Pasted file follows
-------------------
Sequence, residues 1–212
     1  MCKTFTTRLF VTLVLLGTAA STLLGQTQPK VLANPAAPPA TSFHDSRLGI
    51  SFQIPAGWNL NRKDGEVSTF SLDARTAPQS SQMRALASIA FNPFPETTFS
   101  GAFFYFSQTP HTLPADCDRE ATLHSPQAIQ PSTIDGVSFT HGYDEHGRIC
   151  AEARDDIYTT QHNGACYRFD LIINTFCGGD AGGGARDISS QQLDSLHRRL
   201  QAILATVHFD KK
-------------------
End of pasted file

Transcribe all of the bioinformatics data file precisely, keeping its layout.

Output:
Sequence, residues 1–212
     1  MCKTFTTRLF VTLVLLGTAA STLLGQTQPK VLANPAAPPA TSFHDSRLGI
    51  SFQIPAGWNL NRKDGEVSTF SLDARTAPQS SQMRALASIA FNPFPETTFS
   101  GAFFYFSQTP HTLPADCDRE ATLHSPQAIQ PSTIDGVSFT HGYDEHGRIC
   151  AEARDDIYTT QHNGACYRFD LIINTFCGGD AGGGARDISS QQLDSLHRRL
   201  QAILATVHFD KK